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Bricks are used to fill in the open spaces.
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The final building may be just brick-faced or a coat of cement and paint can be added to make it look first-rate. A building needn't be completed in order for families to move in.
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I have watched many bricks being laid in Egypt.  I have never seen a piece of string used to maintain a straight and level line.  There is clearly some great cultural difference that requires Americans to insist on straight lines of bricks.
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Since 1955, the Egyptian population has increased from about 23 million to 94 million.  This website projects a population of 151 million in 2050.  Eventually, the entire country will be covered with these brick apartments.
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Wednesday, March 22, 2017

Land for Sale

We took a trip out to Maryanne Stroud's horse ranch and veterinary operation a few days ago.  Linda delivered some cookies and banana bread for the workers and we had a chance to see a couple of lambs born that morning and visit the goats.
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We didn't have access to our usual driver for the trip so we hooked up with an Uber driver, Sayid, who lives nearby and would take us out to the farm and wait for us for a couple of hours.

After our visit, our driver, noting our interest in rural property, mentioned that his family had some farmland for sale and he would be happy to show it to us.  (There are very few Egyptians that do not have a relative with land or apartments for sale!)

We detoured over to his family property about a mile east of the Mariouteya canal, a couple miles south of our appartment.

I should mention that agricultural land in Egypt is measured and sold by the feddan and kirat.  A feddan is almost exactly equal to a U.S. acre (Both were originally defined as the amount of land you can plow with a team of oxen in a day) and there are 24 kirats in a feddan.  So we set out to discover what it would cost to buy a feddan in this area that is rapidly being subdivided.  That should be just about the right size for a country villa with a garden and some space for Linda's long desired stable with a few goats and a donkey.

It turns out that land is the one thing that is not cheap in Egypt!  The going rate for Sayid's family property is around 200,000 Egyptian pounds per kirat.  Translating that for you, figure $280,000 per acre.  And, let's take a look at the lot  We walked down to the road and found this view.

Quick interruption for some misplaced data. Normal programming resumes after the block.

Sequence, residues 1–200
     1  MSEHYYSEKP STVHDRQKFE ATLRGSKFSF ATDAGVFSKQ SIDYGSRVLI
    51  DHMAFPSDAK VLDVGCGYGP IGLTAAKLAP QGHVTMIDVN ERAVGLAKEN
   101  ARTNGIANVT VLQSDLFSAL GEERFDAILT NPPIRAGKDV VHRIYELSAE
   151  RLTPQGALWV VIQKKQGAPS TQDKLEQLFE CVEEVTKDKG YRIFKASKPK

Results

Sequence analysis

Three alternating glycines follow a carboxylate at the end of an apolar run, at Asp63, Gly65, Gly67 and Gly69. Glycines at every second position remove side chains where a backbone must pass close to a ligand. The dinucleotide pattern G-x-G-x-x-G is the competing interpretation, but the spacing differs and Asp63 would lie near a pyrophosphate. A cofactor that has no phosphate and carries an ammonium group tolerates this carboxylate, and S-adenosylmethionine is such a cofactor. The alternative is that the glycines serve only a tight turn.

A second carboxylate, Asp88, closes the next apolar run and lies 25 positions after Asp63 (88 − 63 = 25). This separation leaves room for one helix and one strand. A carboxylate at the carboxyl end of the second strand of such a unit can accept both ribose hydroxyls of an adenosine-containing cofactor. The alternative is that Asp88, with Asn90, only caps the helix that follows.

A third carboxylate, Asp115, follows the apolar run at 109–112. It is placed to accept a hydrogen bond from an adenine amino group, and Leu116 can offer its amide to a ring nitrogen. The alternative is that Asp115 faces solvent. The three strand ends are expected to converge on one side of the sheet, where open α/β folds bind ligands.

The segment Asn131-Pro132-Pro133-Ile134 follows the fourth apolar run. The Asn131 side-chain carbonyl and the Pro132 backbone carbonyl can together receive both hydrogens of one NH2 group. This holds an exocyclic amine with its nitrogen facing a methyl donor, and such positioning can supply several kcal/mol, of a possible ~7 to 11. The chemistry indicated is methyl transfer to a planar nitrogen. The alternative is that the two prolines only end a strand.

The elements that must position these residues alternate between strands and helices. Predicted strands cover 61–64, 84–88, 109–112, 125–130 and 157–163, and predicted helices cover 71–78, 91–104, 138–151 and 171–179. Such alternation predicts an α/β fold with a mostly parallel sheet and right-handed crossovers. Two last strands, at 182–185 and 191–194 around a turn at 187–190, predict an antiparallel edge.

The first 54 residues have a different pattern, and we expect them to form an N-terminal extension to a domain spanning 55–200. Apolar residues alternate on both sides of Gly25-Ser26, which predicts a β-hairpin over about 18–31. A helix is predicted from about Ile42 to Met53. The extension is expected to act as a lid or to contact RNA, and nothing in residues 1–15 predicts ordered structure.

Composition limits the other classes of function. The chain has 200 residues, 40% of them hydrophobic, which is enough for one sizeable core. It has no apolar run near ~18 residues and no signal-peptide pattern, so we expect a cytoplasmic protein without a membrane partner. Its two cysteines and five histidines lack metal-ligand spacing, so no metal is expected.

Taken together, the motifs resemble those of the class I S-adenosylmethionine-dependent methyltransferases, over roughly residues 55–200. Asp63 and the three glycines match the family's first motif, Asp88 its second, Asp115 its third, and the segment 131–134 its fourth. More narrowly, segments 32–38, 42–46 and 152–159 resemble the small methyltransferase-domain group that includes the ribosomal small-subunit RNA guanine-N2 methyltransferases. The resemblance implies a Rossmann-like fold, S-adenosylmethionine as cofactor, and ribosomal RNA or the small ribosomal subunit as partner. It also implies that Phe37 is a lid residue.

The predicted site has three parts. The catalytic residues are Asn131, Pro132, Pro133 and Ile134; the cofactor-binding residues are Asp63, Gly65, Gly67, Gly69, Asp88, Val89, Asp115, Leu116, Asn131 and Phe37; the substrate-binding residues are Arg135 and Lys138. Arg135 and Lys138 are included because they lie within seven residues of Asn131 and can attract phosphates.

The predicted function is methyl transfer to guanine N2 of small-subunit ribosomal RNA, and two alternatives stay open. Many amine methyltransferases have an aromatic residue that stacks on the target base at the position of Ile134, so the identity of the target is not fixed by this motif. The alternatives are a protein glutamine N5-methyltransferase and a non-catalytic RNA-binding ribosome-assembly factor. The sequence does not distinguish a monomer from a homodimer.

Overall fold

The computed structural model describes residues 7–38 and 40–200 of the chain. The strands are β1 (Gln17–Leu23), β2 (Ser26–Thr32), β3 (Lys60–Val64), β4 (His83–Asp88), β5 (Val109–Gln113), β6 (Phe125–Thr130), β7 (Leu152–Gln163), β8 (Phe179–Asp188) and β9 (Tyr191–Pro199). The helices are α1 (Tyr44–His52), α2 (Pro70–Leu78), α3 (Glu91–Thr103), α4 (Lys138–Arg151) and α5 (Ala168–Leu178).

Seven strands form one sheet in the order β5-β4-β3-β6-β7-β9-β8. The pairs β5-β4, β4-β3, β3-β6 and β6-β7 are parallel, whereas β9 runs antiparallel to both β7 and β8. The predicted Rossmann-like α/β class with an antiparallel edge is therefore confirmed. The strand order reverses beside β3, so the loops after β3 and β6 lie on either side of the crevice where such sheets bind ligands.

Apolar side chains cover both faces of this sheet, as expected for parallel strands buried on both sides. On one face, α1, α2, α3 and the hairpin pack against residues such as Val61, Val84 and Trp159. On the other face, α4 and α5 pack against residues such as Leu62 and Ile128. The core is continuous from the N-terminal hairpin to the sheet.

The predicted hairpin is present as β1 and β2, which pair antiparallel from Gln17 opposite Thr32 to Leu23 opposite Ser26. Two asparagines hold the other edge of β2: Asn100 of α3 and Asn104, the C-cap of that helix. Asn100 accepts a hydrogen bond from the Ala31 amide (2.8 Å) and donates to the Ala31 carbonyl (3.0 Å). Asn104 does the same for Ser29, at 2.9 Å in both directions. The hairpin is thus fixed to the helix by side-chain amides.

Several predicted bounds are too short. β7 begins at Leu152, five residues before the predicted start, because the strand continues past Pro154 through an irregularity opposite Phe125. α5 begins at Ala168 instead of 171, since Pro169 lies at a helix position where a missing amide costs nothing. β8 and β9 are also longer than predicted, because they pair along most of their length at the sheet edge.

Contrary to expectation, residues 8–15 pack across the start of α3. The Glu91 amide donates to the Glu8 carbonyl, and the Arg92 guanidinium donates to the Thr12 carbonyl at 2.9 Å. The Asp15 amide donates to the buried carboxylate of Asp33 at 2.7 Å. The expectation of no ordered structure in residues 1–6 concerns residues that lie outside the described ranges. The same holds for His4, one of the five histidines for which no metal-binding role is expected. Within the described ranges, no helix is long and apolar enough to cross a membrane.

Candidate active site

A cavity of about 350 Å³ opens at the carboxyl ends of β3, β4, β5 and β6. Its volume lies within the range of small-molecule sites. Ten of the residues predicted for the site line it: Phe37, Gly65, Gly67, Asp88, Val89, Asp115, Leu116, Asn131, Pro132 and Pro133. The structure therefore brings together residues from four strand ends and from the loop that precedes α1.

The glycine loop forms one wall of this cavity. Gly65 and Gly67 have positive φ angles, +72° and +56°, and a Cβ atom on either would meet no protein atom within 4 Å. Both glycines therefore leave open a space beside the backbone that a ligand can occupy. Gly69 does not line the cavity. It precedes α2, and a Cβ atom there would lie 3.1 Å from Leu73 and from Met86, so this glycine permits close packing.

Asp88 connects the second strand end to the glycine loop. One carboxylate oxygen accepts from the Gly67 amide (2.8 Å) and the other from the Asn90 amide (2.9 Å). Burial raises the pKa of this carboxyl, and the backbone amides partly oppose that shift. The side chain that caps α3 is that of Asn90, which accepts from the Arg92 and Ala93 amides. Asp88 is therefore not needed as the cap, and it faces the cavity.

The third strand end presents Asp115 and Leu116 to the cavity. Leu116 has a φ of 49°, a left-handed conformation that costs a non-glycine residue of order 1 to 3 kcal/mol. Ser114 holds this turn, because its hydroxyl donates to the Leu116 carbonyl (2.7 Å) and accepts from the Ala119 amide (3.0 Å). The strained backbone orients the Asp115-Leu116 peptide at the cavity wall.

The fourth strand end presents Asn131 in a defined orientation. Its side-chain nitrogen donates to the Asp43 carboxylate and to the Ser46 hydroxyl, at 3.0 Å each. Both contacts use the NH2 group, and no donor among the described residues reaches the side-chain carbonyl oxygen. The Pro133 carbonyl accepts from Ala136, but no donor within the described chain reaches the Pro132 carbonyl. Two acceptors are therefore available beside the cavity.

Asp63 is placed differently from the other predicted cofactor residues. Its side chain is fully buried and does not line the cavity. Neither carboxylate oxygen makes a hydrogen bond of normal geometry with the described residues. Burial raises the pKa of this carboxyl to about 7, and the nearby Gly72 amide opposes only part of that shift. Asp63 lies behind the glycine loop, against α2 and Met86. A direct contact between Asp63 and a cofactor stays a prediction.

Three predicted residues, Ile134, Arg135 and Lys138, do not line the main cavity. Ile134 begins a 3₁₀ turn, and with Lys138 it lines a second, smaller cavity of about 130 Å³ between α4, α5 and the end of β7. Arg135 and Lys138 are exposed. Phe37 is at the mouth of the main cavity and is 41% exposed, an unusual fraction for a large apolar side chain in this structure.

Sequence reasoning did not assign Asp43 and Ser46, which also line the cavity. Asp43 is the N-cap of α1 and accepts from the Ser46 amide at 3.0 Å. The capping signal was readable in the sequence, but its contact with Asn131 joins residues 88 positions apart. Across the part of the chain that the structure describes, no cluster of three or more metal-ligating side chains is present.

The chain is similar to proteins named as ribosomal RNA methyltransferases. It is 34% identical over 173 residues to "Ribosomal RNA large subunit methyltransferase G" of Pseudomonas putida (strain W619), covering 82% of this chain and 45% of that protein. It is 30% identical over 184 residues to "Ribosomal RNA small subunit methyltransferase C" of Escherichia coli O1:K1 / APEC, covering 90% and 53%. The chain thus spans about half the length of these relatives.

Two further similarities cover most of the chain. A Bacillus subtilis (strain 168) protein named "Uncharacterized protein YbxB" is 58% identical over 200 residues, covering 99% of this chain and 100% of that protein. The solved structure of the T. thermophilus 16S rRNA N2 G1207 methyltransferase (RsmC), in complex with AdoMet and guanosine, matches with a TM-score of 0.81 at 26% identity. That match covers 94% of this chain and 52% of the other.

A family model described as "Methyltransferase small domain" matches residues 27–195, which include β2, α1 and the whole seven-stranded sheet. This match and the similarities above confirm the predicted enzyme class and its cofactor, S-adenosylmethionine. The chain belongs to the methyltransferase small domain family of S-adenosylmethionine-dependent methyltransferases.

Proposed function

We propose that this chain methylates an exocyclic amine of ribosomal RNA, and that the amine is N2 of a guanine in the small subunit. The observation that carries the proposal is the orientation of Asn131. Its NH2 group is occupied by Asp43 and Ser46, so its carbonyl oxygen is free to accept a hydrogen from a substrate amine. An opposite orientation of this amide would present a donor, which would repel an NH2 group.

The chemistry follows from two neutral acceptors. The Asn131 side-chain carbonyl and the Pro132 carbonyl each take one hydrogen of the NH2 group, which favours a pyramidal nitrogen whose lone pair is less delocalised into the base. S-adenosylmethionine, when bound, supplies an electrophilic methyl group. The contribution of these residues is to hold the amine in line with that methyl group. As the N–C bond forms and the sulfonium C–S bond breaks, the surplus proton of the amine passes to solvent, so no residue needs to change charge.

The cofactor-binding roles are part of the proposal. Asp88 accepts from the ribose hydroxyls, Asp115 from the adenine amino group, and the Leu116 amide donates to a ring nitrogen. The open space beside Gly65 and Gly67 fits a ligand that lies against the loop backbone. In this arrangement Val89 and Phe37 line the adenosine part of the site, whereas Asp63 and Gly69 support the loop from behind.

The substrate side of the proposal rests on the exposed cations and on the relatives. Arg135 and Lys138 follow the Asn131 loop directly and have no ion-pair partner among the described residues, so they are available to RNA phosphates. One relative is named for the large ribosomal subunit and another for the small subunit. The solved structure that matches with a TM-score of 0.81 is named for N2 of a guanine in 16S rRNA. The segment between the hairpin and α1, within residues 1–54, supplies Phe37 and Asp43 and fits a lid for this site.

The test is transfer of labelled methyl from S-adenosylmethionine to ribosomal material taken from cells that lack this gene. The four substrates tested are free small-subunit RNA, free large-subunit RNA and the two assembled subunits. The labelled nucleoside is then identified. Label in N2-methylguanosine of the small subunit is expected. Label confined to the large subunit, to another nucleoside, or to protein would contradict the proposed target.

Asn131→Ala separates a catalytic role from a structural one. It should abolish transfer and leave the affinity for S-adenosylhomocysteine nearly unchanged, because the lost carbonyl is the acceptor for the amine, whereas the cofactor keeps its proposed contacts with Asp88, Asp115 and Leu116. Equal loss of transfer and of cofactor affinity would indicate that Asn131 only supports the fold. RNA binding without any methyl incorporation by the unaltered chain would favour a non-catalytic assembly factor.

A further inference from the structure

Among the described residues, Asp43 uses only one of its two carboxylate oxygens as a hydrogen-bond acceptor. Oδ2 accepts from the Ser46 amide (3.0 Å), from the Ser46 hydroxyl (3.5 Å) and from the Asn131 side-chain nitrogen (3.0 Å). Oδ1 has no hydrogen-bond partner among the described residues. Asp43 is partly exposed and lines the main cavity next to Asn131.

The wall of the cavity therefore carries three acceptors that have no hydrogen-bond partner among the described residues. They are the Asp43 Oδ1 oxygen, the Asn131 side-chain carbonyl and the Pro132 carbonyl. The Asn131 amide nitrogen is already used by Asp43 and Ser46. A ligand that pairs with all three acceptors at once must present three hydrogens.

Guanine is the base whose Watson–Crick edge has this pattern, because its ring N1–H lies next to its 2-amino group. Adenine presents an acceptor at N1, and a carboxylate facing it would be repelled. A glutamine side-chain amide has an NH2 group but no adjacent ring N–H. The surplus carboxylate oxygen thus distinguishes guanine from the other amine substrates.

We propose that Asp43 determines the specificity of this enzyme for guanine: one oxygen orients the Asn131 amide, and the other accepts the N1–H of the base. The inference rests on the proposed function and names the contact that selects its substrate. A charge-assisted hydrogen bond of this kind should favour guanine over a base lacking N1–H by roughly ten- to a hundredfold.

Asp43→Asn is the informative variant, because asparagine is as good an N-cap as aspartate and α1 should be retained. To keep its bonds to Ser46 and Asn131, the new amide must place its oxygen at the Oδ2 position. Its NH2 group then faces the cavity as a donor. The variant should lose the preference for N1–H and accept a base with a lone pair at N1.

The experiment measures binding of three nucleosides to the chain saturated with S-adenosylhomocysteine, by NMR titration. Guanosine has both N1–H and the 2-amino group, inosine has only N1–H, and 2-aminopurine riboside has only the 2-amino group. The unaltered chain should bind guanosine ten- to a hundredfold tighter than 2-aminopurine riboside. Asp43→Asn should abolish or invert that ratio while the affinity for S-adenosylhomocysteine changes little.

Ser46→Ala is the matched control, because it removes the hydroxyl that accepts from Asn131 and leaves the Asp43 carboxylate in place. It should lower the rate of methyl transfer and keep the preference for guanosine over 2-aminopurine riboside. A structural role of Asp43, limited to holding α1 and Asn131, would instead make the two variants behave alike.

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The owner pointed out the boundaries, extending across that plowed area over to the brick wall on the left and down the field to where the horse is standing near the palm tree.  My, that is an unusual shape, I thought.  But he would be willing to part with another 4 kirats along the near left edge to give access to the main road.

"Do you have another piece that is more square," I inquired?  Yes, indeed.  We walked down the road to another lot of about one feddan in size which currently is occupied by a plant nursery.  Much nicer in shape, but the price is higher, 350,000 Egyptian pounds for a kirat.  This lot was 28 kirats for a total price of about $575,000.

We walked back to the owner's villa.  He pointed out that they have city electricity and city water for domestic use plus there is easy access to under ground water for agricultural use.  I noted the electrical service with some skepticism since it appeared to have been slightly re-routed when the owner installed a concrete post near the road and twisted the wires around the re-bar.  The flow from the well system looked pretty good.
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We were invited to go up to the top floor of the owner's villa and see the view.  We headed up the stairs only to be blocked at the entrance to the 3rd floor roof by a 3 foot brick wall - presumably a safety measure to keep the kids from tumbling off.  No problem - Sayid and his cousin knocked out the brick wall and we clambered over the resulting pile of bricks to get a good view.